Global coal demand is expected to decline in 2019 but remain broadly stable over the next five years, supported by robust growth in major Asian markets, according to Coal 2019, the IEA’s latest market analysis and forecast.
It is too soon to say whether the expected global decrease in coal power generation this year will be the start of a lasting trend – renewable sources are forecast to supply a major portion of the increase in global electricity demand over the next five years while electricity generation from coal will rise only marginally over the same period. However, coal remains by far the single largest source of power supply worldwide.
“Wind and solar PV are growing rapidly in many parts of the world. With investment in new plants drying up, coal power capacity outside Asia is clearly declining and will continue to do so in the coming years,” said Keisuke Sadamori, the IEA’s Director of Energy Markets and Security, who launched the report in Johannesburg alongside Gwede Mantashe, South Africa’s Minister of Mineral and Energy Resources.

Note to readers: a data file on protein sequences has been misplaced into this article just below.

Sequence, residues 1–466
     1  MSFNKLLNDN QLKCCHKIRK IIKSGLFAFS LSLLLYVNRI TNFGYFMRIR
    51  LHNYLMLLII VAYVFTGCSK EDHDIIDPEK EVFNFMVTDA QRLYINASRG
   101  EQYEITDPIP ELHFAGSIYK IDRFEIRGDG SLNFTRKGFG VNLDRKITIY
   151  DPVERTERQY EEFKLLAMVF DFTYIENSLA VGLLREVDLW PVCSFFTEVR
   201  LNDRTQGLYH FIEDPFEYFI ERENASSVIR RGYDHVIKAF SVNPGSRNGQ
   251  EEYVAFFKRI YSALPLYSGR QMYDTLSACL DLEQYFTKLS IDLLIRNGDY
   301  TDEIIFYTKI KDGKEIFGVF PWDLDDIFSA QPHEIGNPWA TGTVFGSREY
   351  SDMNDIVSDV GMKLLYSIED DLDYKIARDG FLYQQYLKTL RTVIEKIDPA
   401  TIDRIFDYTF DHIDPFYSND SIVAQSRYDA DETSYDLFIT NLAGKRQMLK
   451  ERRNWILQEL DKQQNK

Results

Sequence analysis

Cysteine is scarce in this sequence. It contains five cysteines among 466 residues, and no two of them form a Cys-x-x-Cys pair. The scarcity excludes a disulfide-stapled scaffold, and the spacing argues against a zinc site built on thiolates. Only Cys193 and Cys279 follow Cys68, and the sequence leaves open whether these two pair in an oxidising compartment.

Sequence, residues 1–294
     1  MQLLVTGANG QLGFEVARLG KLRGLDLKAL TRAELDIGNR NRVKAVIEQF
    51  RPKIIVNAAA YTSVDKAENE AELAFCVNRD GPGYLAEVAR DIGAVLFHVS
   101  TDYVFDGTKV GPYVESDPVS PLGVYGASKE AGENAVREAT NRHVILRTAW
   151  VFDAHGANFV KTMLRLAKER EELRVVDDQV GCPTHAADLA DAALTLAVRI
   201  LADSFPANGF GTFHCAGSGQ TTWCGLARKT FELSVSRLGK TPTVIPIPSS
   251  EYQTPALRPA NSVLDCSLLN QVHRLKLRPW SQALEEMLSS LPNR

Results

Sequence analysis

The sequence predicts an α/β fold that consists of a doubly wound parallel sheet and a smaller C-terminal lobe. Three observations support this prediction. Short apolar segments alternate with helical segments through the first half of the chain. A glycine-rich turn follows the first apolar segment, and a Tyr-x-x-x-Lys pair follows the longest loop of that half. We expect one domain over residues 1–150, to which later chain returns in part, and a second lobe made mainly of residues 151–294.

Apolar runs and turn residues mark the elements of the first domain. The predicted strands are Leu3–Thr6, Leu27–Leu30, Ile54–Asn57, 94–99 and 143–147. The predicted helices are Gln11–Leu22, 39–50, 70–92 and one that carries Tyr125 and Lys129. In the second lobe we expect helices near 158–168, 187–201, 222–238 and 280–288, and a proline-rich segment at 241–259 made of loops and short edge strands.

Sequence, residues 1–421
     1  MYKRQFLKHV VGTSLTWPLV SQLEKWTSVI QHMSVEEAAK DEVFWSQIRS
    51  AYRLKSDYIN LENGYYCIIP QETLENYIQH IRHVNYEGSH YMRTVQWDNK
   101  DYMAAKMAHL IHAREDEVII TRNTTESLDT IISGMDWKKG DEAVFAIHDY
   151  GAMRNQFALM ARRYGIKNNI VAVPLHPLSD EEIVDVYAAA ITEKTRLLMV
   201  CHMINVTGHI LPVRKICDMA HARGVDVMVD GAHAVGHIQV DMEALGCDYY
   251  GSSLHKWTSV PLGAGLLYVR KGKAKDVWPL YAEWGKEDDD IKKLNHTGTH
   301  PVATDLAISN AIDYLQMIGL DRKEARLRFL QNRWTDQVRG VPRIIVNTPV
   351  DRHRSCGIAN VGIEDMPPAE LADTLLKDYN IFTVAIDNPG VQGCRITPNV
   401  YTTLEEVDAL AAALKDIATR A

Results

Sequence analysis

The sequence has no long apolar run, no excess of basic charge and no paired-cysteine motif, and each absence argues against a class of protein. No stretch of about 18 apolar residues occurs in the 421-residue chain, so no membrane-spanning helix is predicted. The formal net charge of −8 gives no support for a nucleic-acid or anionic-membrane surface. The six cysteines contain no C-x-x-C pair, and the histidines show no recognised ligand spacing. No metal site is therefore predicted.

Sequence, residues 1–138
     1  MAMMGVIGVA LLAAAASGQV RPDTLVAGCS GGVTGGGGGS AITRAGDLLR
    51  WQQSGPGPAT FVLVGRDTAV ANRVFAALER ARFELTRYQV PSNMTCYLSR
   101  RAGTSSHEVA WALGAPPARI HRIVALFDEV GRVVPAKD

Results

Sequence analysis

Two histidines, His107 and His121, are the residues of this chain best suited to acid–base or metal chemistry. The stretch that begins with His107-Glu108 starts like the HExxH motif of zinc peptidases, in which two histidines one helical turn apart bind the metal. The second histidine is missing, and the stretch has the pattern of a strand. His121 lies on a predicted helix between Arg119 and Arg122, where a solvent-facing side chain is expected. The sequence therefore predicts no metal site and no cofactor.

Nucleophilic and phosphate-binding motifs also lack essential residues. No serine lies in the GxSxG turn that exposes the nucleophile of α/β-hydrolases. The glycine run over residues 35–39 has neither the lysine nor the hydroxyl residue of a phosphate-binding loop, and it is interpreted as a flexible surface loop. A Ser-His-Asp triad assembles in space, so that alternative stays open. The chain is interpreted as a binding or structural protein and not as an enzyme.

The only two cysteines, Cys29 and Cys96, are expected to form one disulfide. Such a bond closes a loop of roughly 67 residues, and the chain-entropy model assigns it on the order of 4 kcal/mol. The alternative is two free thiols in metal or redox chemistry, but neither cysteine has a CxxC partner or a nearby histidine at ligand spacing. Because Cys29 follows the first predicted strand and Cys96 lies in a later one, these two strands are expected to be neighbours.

“But this is not the end of coal, since demand continues to expand in Asia,” Mr Sadamori added. “The region’s share of global coal power generation has climbed from just over 20% in 1990 to almost 80% in 2019, meaning coal’s fate is increasingly tied to decisions made in Asian capitals.”